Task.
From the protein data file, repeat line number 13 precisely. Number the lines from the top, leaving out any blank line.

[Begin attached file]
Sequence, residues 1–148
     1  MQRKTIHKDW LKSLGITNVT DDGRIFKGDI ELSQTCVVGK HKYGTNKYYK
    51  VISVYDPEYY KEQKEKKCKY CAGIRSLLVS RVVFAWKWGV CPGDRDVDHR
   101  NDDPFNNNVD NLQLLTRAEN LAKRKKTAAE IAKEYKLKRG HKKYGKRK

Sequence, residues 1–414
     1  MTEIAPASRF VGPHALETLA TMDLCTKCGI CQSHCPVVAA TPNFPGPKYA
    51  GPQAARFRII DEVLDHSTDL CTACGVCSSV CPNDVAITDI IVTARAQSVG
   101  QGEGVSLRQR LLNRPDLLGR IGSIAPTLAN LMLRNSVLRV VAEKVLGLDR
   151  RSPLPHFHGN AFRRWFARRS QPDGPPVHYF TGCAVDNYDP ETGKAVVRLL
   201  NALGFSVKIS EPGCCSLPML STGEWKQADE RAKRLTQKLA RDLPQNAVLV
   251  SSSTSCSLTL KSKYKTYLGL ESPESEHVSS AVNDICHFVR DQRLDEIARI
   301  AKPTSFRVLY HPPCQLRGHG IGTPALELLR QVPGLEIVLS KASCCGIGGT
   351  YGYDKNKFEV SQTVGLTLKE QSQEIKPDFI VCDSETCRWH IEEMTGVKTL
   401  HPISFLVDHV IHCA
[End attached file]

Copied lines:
   351  YGYDKNKFEV SQTVGLTLKE QSQEIKPDFI VCDSETCRWH IEEMTGVKTL